In the UK, Oxfordshire County Council’s research and innovation team, iHub, and Alchera Data Technologies have completed phase two of a New Mobility project designed to reduce traffic congestion and pollution by using real-time data insights.

In phase one of the project, Alchera undertook a research project with control room users and then fused floating vehicle data from TomTom with existing under-road counters by CA Traffic to successfully detect abnormal traffic conditions, which enabled OCC’s transport team to react faster to adverse conditions across the road network.

Phase two developed a functioning Transport Data Exchange specifically designed for public sector data analysts containing mobility data from BODS, ABODS, local bus companies, traffic sensors, CCTV networks ANPR cameras and more, with a £1 million small business research initiative (SBRI) grant.

Alchera’s AI-powered, cloud-based software platform provides real-time data on the movement of vehicles and pedestrians around cities and major infrastructure. Machine learning algorithms make use of existing city sensors and camera networks to deliver real-time data, allowing operators to develop new dynamic and smart city offerings.

“Finding a way to ensure all of Oxfordshire’s transport systems have access to the same data on which to make real-time decisions is critical,” says Ruth Anderson, Future of Mobility team leader at OCC’s iHub. “We can’t possibly hope to build intelligent infrastructure if all the systems are using different data. Alchera’s data hub, Alpha, gives us the ability to coordinate all our transport systems’ data needs, ensuring consistent analysis across the board both in real-time and historically to understand the impact of decisions.”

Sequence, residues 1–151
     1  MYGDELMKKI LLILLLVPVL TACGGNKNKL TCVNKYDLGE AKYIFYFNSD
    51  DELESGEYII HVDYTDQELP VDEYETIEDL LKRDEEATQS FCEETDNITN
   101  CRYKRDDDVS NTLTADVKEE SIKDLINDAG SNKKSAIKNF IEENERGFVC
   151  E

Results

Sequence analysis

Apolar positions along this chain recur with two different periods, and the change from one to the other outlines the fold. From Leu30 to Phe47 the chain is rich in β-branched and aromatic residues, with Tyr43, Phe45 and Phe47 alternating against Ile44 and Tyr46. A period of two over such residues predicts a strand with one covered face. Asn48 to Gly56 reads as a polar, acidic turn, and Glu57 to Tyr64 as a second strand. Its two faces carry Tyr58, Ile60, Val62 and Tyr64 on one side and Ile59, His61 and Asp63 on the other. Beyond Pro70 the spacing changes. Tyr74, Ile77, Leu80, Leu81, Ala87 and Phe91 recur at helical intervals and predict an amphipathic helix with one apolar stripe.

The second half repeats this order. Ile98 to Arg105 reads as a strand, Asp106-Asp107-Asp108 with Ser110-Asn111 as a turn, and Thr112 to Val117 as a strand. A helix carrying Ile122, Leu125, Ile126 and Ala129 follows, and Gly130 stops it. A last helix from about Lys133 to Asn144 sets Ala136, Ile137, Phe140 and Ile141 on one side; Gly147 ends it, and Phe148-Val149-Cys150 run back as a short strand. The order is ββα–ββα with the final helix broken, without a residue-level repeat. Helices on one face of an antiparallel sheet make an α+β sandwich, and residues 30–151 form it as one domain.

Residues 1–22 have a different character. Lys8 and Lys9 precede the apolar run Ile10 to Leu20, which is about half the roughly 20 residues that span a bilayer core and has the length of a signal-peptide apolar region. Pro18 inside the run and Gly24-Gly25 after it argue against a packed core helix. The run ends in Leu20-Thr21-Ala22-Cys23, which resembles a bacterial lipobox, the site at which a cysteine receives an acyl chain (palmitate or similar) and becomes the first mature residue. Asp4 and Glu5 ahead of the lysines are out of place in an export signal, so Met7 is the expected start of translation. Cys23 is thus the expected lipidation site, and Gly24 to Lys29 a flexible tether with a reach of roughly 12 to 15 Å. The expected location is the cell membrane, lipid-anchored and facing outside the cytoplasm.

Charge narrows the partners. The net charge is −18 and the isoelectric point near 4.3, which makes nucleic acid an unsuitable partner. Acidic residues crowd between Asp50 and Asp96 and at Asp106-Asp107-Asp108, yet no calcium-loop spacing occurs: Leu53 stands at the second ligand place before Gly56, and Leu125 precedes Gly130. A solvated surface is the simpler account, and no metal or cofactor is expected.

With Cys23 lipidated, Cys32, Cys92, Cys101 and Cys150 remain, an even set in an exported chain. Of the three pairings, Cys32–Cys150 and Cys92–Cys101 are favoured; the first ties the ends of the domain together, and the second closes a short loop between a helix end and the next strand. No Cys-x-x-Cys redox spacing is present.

Laura Peacock, iHub manager at Oxfordshire County Council, says: “The inclusion of accurate, real-time mobility data will become increasingly important in the operation of advanced transport systems of the future. It’s great to see companies like Alchera bringing exciting new technologies that will change the game; their approach has huge potential. We should expect to see some disruptive dynamic business models emerge off the back of this.”

The systems developed will lead to a prototype system that will be capable of offering transport data to technology development companies and the public.

As well as work to enable connected and autonomous vehicles on roads, other developments that could emerge from the research are live data apps on transport flows and patterns. The research involved and the final product will also enable better collaboration within the council on data sharing work on transport.

Anna Jordan, co-founder of Alchera Technologies, says: “When you are trying to deal with complex, congested cities, being able to react to situations in real-time is key. Our largest system integration combines thousands of sensor sources and performs hundreds of thousands of measurements every day. This represents the only demonstration of absolute, real-time traffic counts and classifications, at city scale, in the UK today. Data in the system is handled in a fully transparent and auditable way – recognising that data ownership and usage will be critical in future smart cities.”

The smart cities solution uses an AI-powered software platform to give absolute, real-time data on vehicle and pedestrian movements around cities and major infrastructure. Its tech makes this possible at a lower cost, larger scale, and with greater trust than current solutions.

The project was funded with a share of £1.25 million in SBRI funding from the BEIS GovTech Catalyst Round 3, running from April 2021 to March 2022.

Images: Adobe Stock

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